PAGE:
Most state-run papers report on President Hosni Mubarak’s cabinet meeting in Sharm el-Sheikh earlier today. While such events typically make headlines in government papers, today’s meeting received special attention as it is the first since Mubarak’s return from Germany where he underwent gallbladder surgery. Al-Akhbar reports that the meeting will tackle the issues of wheat subsidies, the Nile Basin ministers’ recent meeting in Sharm el-Sheikh, and Egypt’s performance in the oil sector.
In its headline about the same story, Al-Ahram highlights the president’s good health and full return to action: “The president resumes his activities in full force at a ministerial meeting today now that he has recovered.” Al-Ahram also reports that the meeting will discuss a presidential decree giving the cabinet discretion to set clock changes this year in order to better organize fasting during Ramadan as well as work schedules.
Al-Shorouq also covers the cabinet meeting on its front page, but provides a different take on the event with a headline reading: “An official source: Mubarak’s appearance is meant to tranquilize citizens and to follow up on the country’s affairs.” The story focuses on the timing of this reappearance, pointing out that the president has taken two weeks since returning from Germany to make a public appearance.
An official source interviewed by Al-Shorouq is quoted as saying, “Maybe television cameras will broadcast the president’s arriving to or leaving the meeting. It hasn’t been decided yet. But what is certain is that people will see the president today on television to be assured that his health is improving.” The source added that the meeting was initially scheduled for later next week, but moved to an earlier date in order for the president to make a much-needed public appearance and to appease any anxieties Egyptians might have about his health.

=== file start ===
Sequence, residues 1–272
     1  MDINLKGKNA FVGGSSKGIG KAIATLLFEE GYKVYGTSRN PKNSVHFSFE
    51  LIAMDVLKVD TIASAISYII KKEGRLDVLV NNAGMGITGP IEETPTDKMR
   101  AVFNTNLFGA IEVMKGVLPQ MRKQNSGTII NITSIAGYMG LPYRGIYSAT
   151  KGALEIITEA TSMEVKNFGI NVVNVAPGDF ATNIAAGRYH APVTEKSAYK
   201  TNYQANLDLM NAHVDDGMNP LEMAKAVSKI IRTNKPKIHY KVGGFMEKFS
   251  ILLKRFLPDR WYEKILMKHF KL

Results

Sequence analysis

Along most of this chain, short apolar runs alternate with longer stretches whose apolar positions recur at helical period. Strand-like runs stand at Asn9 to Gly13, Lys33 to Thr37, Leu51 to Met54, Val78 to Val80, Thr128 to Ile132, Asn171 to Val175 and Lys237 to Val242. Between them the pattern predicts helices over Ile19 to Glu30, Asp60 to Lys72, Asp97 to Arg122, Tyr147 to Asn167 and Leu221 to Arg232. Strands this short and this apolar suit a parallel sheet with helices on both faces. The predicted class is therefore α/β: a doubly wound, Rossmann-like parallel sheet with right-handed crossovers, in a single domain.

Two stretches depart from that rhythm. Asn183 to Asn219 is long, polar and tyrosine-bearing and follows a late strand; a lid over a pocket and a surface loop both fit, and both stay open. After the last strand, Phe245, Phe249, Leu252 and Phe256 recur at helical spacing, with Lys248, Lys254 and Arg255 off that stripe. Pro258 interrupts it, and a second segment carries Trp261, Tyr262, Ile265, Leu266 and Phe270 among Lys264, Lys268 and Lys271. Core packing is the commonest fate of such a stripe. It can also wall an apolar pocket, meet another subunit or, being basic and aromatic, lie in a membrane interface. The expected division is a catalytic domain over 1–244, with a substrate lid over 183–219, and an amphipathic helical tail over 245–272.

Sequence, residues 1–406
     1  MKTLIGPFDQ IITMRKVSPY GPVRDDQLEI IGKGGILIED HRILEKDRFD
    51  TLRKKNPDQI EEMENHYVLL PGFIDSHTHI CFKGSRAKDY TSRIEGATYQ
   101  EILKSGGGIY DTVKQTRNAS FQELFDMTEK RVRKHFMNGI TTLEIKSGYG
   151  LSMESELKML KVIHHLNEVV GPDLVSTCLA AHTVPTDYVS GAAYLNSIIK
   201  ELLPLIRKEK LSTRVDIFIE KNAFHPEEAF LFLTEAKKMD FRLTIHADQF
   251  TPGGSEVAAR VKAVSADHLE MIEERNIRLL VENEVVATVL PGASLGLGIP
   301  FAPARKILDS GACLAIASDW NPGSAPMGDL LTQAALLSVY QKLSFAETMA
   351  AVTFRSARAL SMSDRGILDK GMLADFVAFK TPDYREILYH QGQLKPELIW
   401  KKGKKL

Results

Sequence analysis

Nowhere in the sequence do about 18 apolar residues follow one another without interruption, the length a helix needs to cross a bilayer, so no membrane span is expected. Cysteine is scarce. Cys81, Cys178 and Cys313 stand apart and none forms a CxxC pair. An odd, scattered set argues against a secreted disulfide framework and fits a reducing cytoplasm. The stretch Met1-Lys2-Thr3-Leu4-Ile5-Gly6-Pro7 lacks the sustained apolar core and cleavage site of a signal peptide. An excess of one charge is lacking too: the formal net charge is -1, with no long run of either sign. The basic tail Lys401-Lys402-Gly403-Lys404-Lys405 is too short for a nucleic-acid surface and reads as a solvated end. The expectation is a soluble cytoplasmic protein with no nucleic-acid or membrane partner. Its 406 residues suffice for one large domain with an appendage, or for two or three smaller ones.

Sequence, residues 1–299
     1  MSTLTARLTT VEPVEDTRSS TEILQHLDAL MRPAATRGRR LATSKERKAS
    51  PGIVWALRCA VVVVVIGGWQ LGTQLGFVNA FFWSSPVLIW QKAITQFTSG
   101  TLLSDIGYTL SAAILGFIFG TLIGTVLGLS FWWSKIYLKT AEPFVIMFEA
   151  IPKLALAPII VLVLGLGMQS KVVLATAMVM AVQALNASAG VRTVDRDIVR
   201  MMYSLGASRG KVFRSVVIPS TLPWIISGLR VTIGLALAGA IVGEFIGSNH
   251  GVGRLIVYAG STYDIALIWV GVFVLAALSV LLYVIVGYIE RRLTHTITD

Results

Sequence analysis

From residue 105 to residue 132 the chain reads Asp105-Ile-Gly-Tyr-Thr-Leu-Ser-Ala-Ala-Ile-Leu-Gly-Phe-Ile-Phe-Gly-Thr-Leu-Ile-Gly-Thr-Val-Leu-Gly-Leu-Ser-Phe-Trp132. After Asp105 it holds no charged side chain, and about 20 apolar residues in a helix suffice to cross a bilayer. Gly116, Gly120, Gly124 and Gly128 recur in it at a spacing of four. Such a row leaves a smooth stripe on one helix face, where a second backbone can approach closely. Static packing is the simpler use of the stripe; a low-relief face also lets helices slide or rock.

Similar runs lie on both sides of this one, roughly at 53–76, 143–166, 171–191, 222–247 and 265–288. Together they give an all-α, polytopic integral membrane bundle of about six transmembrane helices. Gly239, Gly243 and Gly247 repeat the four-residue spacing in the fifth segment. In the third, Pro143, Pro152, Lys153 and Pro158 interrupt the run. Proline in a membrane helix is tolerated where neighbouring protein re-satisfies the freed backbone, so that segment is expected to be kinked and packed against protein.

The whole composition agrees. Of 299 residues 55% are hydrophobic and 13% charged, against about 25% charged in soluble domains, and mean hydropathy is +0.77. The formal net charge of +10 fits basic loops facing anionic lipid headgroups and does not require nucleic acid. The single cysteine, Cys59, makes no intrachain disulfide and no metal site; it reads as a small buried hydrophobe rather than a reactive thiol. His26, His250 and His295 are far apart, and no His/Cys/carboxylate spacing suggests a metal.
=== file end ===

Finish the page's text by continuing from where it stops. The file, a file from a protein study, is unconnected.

Al-Dostour followed suit and added information leaked from a source close to the president, saying that a recent medical examination has confirmed that Mubarak is in a good shape and can resume his normal activities. The source added that Mubarak will remain in Sharm el-Sheikh as he is scheduled to meet other leaders during his stay.
Other news items on today’s front pages include the Nile Basin countries’ conflict-laden ministerial meeting. Breaking with its usual editorial strategy, Al-Ahram presents a front-page sub-headline which reads: “Clear differences between the seven upstream countries and the two downstream countries on the Framework Agreement.”
The story focuses on Egypt and Sudan’s continued refusal to sign a final agreement unless they see more guarantees with regard to water security and what they consider to be their historic rights to the Nile’s water. The story also quotes Reda Bibars, Egypt’s vice-foreign minister for Nile Basin affairs, as saying that Egypt won’t be affected by upstream states signing a final Framework Agreement. He affirmed that international law protects Egypt in this context, especially with respect to prior agreements signed in 1929 and 1959 which preserve the country’s current water quota.
In a shorter front-page story below the fold, Al-Akhbar takes a more conciliatory tone, quoting Irrigation Minister Mohamed Nasr Eddin Allam as saying that negotiations in Sharm el-Sheikh are not the end of the road, and adding that there will be further negotiations to settle pending disagreements.
Independent papers carry more critical headlines on the same story. Al-Dostour writes, “Nile Basin states turn against Egypt and will unilaterally sign the Framework Agreement on 14 May.” The story quotes an anonymous source in the Irrigation Ministry who reports that the meeting witnessed escalating conflicts between upstream states (Egypt and Sudan) and downstream states. The source added that oversight of negotiations was handed to a senior security officials given the sensitive nature of the issue.
Al-Shorouq reports that the agreement pitched by Egypt and Sudan, known as the Agreement for the Unity of Nile Basin States, was not positively received by participating downstream states. The story adds that Egypt does not want international adjudication to settle the dispute, especially given the fact that it is signatory to binding agreements that can protect its historic rights to the Nile Basin.
Al-Ahram: Daily, state-run, largest distribution in Egypt
Al-Akhbar: Daily, state-run, second to Al-Ahram in institutional size
Al-Gomhorriya: Daily, state-run
Rose el-Youssef: Daily, state-run, close to the National Democratic Party’s Policies Secretariat
Al-Dostour: Daily, privately owned
Al-Shorouq:Daily, privately owned
Al-Wafd: Daily, published by the liberal Wafd Party
Al-Arabi: Weekly, published by the Arab Nasserist party
Youm7: Weekly, privately owned
Sawt el-Umma: Weekly, privately owned